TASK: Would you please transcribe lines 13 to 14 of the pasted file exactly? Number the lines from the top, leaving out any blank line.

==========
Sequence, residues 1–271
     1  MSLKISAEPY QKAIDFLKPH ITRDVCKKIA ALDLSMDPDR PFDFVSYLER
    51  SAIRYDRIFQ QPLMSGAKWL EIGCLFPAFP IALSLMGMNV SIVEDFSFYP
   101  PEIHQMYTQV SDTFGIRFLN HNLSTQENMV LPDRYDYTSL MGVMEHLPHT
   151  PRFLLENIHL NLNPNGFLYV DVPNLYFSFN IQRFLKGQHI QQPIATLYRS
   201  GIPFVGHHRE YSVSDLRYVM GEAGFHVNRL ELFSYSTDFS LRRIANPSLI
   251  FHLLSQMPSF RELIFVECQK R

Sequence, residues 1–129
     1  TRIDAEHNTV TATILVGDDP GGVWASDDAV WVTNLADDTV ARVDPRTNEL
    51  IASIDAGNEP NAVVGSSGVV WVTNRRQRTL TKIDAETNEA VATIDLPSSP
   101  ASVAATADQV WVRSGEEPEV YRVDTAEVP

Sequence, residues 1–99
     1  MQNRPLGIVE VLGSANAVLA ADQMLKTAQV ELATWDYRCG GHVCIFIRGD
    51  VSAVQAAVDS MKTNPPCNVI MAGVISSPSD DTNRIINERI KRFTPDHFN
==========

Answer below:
     1  MQNRPLGIVE VLGSANAVLA ADQMLKTAQV ELATWDYRCG GHVCIFIRGD
    51  VSAVQAAVDS MKTNPPCNVI MAGVISSPSD DTNRIINERI KRFTPDHFN